Right now, the world is on lockdown. Depending on which state you live in, you might not even be able to leave your home, and if you can go to the store, you have to either pick up your items outside with zero contact. For big-box stores, this is a tough time, but for independent stores? It’s a nightmare. How can they keep their businesses alive when people can’t even enter the doors? For comic retailers, the coronavirus could mean the end of their stores—unless publishers and customers take swift action.
Image Comics’ Call to Help Comic Retailers during the Coronavirus
Instead of depressing Coronavirus images, we’ll use great comic art instead. (Image: Spawn #301, Image Comics)
Great comic book creators work for Image, and those some creators run the business too. In an open letter to comic publishers, Image Comics publisher and CEO Eric Stephenson outlined plans to help the people who comic retailers through the coronavirus crisis. For instance:
We’re now making all-new product on FOC for the next 60 days returnable (thru 5/18 FOC), and we are prepared to extend that as necessity dictates.
We’re canceling non-essential releases like second printings and reprints.
We’re offering suggestions to Diamond for ways to mitigate the impact of this crisis on retailers threatened by mandatory store closures.
And as of yesterday, we are looking at ways to reschedule and stagger the release of our comics, trade paperbacks, and graphic novels so that we’re not pumping product into the marketplace at a time when retailers and consumers alike are dealing with financial struggle for an indeterminate amount of time.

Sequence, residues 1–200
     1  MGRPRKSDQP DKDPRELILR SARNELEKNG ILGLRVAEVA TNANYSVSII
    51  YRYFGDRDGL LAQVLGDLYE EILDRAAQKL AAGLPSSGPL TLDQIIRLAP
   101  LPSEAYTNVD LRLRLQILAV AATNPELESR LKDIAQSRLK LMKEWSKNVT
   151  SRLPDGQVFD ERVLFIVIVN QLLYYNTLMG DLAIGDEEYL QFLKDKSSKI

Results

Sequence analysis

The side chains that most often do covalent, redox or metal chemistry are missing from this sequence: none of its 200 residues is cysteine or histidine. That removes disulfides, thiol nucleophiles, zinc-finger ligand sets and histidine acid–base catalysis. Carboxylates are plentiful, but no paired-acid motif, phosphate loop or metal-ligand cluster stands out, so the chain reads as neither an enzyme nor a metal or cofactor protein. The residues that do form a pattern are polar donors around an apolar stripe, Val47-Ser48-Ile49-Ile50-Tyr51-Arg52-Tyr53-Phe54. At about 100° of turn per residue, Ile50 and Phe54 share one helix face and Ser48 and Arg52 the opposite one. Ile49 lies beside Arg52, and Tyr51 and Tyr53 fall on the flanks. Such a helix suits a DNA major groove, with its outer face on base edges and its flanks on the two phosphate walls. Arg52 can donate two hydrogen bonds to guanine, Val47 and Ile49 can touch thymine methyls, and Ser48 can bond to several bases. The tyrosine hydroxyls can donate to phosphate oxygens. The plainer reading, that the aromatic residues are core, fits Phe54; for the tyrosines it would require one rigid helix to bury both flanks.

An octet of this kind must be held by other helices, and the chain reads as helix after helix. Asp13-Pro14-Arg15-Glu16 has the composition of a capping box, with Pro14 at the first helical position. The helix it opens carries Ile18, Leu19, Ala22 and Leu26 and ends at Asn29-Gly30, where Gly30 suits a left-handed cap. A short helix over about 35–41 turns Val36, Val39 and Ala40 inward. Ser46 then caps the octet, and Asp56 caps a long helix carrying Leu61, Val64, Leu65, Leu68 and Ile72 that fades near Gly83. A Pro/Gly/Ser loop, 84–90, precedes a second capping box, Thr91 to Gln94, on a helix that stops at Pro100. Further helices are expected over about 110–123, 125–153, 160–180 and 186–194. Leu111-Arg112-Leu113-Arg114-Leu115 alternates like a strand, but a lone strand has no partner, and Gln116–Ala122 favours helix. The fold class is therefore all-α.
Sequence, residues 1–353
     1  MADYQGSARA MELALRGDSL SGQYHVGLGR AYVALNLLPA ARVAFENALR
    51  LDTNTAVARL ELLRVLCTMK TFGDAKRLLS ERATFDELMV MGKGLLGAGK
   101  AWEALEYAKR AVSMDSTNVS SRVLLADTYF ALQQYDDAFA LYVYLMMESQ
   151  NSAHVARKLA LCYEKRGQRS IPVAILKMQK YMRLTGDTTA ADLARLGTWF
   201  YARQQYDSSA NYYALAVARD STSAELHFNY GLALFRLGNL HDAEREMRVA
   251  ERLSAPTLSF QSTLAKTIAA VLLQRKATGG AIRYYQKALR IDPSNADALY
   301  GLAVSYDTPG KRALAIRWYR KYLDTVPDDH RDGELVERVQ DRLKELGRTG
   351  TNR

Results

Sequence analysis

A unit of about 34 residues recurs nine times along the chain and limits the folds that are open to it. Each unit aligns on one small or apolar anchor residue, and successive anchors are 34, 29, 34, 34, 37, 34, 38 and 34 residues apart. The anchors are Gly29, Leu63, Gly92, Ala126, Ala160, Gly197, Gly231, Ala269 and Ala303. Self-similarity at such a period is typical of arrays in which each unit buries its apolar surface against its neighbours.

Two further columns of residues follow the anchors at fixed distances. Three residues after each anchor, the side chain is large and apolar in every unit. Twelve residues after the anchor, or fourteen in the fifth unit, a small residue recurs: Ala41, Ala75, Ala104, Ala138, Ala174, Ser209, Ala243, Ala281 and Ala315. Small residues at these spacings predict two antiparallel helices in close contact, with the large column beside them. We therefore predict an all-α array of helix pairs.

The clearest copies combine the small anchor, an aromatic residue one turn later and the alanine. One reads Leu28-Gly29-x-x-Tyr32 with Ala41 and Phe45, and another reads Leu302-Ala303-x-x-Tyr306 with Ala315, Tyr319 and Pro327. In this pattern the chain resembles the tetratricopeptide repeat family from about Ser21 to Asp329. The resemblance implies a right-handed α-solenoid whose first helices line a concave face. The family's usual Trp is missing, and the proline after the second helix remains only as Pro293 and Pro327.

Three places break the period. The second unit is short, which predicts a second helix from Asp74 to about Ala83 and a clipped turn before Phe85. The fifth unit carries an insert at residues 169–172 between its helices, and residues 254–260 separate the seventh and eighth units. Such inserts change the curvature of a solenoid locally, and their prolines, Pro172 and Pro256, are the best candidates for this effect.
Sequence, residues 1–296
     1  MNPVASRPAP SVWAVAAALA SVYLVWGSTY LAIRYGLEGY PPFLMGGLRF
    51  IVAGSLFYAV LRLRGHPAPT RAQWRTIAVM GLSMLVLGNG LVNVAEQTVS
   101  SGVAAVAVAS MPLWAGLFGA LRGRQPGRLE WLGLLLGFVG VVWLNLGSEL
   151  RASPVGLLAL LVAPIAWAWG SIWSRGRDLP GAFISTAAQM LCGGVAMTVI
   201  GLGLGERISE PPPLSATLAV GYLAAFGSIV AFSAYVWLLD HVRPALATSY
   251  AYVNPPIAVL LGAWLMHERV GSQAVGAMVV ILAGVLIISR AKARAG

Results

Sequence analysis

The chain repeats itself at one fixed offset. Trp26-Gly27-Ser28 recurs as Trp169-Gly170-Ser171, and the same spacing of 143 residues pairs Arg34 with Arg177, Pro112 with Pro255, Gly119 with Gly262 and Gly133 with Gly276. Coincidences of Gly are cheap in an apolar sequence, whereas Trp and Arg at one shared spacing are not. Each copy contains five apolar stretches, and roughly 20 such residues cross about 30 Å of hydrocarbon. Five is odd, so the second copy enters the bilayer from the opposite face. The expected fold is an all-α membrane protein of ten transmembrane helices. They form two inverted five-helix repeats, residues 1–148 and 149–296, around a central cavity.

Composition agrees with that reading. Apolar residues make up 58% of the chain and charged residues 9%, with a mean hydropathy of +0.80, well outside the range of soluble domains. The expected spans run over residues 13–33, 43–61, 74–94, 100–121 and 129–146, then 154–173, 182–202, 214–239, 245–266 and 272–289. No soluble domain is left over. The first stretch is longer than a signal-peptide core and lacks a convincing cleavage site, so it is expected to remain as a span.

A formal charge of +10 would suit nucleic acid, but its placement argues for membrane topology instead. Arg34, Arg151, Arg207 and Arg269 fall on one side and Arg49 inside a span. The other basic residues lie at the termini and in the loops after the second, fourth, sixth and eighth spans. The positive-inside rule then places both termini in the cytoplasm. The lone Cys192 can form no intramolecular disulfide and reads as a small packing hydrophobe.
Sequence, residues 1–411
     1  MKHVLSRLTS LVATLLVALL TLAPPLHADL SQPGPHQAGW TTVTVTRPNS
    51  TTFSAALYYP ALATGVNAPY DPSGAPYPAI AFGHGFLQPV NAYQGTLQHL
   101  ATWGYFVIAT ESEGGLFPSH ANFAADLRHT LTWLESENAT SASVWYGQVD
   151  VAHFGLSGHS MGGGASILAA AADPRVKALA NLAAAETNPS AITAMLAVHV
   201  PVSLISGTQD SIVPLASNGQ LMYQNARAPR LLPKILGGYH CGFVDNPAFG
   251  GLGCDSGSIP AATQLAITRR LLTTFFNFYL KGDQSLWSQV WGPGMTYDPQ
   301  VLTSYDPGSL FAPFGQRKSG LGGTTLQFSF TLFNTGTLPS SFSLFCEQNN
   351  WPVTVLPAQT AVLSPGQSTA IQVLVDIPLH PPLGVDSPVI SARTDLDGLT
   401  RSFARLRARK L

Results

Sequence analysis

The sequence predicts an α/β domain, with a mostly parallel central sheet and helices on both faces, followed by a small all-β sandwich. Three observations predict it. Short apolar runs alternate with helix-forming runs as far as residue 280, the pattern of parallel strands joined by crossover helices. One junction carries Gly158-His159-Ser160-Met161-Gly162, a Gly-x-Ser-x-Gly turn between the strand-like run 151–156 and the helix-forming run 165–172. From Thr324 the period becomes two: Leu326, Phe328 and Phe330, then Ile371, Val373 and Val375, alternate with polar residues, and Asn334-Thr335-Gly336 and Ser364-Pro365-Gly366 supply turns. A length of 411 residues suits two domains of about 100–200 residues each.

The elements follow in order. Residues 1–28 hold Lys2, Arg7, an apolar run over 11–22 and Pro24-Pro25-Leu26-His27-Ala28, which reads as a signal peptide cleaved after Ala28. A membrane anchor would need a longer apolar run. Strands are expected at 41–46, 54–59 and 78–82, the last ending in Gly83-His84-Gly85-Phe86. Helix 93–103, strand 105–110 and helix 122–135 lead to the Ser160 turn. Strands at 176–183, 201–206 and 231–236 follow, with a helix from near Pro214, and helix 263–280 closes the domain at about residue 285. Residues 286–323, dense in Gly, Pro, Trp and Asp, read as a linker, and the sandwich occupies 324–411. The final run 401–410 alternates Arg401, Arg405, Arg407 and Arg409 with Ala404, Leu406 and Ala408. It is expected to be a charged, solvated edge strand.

Stevenson clarifies, however, that these are just the first steps and that they are not enough. Luckily, he’s not alone in this cause.
Binc is also Helping Comic Retailers Any Way that They Can—and Other Booksellers too.
(Image: The Librarians #1, Dynamite Comics)
Binc, the Book Industry Charitable Foundation, helps booksellers all throughout the year, but now they are pushing even further. Development Director Kathy Bartson urged people to donate what they can, stating:
“Renewing, increasing, or pledging your support right now will be critical to our decisions moving forward and allow us to help every qualifying bookseller and comic retailer that comes to Binc for help. This is a critical time for booksellers as business slows, schools close, and they are canceling months’ worth of events. Booksellers need to know that Binc will be here for them so they can weather these scary circumstances and come out on the other side.”
To help booksellers and comic retailers even more as the coronavirus shuts down more cities, industry professionals are matching donations. Literary Agent Steven Malk of Writers House will match dollar for dollar up to $7500. And Beacon Press is adding $5000 to the matching gift challenge. If you want to help your local comic shops and donate a little bit, head to Binc’s donation page.
Diamond Comics Distributor Is Helping Comic Retailers Endure the Coronavirus in a Pretty Cool Way
(Image: Marvel Comics #1000 Artgerm variant, Marvel Comics)
One of the best days of the years for comic readers is Free Comic Book Day. People crowd their local shops as store owners come up with all kinds of incentives. Some have book signings, massive deals, and artists selling their work. But because of the coronavirus, many comic retailers can’t even have more than ten people in their store at one time. And that’s if they can open at all. It looks like that would be the end of FCBD, but Diamond has another plan…Free Comic Book May.